Arrest of DESA staff member for murder of Berta Cáceres seems last straw for FMO
The Dutch development bank FMO and the Finnish FinnFund announced this week that they are seeking ‘a responsible and legal exit’ from the Agua Zarca project in Honduras. Last week, it was reported that four suspects had been arrested in connection with the murder of human rights activist Berta Cáceres, who opposed the project for many years. One of those arrested is the manager for social and environmental affairs of DESA, the company implementing the Agua Zarca project. Because the company is a direct client of FMO and FinnFund, the banks consider the arrest good reason to take action.
Foto: BankTrack.org - Agua Zarca militarization
Many years of protest
FMO's statement is a step in the right direction for the bank. The organisation led by Berta Cáceres, the Council of Popular and Indigenous Organizations of Honduras (COPINH), has been protesting against the controversial hydro project since the plans were first revealed in 2013. Together with other organisations, including a number of Dutch NGOs, COPINH has been calling for investors in the project to withdraw their support for DESA.
Intimidation and repression
The Agua Zarca project, in de Gualcarque River, is being implemented without the approval of the local population being acquired according to international standards for Free Prior Informed Consent (FPIC). Since 2013, communities and groups that oppose the project have been silenced and protests have been violently crushed, resulting in several murders. The murder of internationally known human rights defender Berta Cáceres – according to COPINH, one of the six murders directly related to Agua Zarca – has increased the pressure on FMO and other investors to withdraw from the project.
Import role for the Netherlands
We expect FMO to see its decision through and terminate its involvement in Agua Zarca project speedily, responsibly and definitively. Together with the Dutch government, the bank must help ensure that local communities and families of the victims receive fair compensation. The Dutch government has also taken on the important role of ensuring through diplomatic channels that the Inter-American Commission on Human Rights conducts an independent enquiry into the murders of Cáceres and the other victims. In addition, it is important that the Netherlands continues to exert pressure on the Honduran government to put a stop to the recurring violence and human rights violations. The violence continues; since the last reports by FMO, people have found themselves in immediate danger and thus have to be protected.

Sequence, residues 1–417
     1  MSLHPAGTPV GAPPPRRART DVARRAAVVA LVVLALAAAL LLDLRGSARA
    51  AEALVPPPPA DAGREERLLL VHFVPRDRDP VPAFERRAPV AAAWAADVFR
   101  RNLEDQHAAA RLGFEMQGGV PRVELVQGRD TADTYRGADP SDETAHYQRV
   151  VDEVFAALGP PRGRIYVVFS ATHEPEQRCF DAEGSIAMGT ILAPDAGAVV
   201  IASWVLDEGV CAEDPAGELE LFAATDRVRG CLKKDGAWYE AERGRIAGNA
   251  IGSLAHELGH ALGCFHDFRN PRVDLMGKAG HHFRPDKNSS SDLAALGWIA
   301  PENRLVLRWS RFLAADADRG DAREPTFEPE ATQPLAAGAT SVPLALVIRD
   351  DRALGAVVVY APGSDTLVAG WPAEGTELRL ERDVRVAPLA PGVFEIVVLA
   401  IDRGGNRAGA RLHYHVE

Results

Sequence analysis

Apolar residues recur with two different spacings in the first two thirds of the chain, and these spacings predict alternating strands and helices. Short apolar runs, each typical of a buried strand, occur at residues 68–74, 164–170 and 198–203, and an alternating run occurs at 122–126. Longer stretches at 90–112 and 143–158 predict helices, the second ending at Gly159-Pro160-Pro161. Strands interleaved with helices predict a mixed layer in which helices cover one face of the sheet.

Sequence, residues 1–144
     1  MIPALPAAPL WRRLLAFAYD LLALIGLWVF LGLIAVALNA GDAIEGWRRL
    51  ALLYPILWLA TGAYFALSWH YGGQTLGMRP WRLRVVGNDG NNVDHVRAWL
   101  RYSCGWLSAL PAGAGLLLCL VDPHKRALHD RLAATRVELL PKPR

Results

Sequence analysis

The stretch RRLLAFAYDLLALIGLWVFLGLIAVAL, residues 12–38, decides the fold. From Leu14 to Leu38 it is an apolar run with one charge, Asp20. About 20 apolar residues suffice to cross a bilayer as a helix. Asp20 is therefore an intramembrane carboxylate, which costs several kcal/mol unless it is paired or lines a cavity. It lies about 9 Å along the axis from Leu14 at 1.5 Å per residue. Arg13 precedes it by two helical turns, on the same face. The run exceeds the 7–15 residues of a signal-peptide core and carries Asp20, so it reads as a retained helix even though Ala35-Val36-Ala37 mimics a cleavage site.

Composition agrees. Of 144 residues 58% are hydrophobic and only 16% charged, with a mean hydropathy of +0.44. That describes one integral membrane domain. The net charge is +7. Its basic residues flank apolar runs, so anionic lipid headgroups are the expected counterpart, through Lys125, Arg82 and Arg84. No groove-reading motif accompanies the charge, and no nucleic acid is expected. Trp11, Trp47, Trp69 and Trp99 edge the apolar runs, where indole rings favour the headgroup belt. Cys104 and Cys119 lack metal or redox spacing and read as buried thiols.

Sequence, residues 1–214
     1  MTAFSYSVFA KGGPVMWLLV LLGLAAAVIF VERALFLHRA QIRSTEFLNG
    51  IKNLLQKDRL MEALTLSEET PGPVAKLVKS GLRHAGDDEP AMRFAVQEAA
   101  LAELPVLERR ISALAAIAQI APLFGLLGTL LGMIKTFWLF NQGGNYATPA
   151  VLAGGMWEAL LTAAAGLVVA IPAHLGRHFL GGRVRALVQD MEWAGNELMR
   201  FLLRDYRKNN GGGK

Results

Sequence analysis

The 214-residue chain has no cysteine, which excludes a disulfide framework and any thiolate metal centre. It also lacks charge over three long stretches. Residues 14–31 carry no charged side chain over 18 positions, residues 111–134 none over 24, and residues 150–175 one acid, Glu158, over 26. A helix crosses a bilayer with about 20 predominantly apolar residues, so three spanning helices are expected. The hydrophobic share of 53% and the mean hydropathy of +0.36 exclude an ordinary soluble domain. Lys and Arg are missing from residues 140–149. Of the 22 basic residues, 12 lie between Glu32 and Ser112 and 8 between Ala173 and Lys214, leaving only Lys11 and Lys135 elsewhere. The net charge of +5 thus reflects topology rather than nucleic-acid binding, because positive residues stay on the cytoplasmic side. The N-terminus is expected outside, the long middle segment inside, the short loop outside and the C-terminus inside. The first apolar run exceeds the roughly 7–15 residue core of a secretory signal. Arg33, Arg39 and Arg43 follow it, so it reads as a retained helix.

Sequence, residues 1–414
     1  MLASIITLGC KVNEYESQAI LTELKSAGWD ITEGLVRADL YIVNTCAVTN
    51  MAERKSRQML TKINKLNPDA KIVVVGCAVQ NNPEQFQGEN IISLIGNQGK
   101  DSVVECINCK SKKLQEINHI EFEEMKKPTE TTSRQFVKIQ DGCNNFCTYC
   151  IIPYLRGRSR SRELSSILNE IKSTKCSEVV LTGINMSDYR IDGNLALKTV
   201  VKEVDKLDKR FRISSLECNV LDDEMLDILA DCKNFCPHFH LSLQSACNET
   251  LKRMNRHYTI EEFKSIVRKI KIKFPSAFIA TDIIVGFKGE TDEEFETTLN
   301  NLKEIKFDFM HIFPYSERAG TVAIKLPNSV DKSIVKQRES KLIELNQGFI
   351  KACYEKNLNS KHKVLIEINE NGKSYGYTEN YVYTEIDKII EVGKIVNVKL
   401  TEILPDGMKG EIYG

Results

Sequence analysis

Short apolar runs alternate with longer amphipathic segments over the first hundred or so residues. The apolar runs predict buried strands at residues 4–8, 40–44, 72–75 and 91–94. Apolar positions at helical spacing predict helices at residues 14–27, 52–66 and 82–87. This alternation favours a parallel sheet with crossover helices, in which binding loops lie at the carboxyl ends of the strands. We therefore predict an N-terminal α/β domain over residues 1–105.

No business as usual
FMO’s withdrawal from Agua Zarca is a first sign that the bank realises that funding projects in areas where human rights are systematically violated can no longer go on as ‘business as usual’. After the bank’s definitive withdrawal from the project, it needs to make radical changes in policy to prevent similar situations, not only in Honduras, but everywhere the bank invests.
Together with its main shareholders, including the Dutch government, FMO needs to examine whether its activities are still in line with its development mandate. What kind of development most closely responds to the needs of the people the bank ultimately aims to help? How can it involve these people in its decision-making processes? And what social and environmental criteria need to underpin those processes to prevent violations of human rights and damage to the environment? Only if these questions are at the centre of policy can FMO really achieve its mission of sustainable and inclusive development.
update 20 May 2016: Letter from BankTrack, Both ENDS, Oxfam Novib and SOMO to FMO's sharoholders.
9 May 2016: FMO's statement
Earlier news items on this site about the Agua Zarca-project:
5 March 2016: Brave human rights defender Berta Cáceres murdered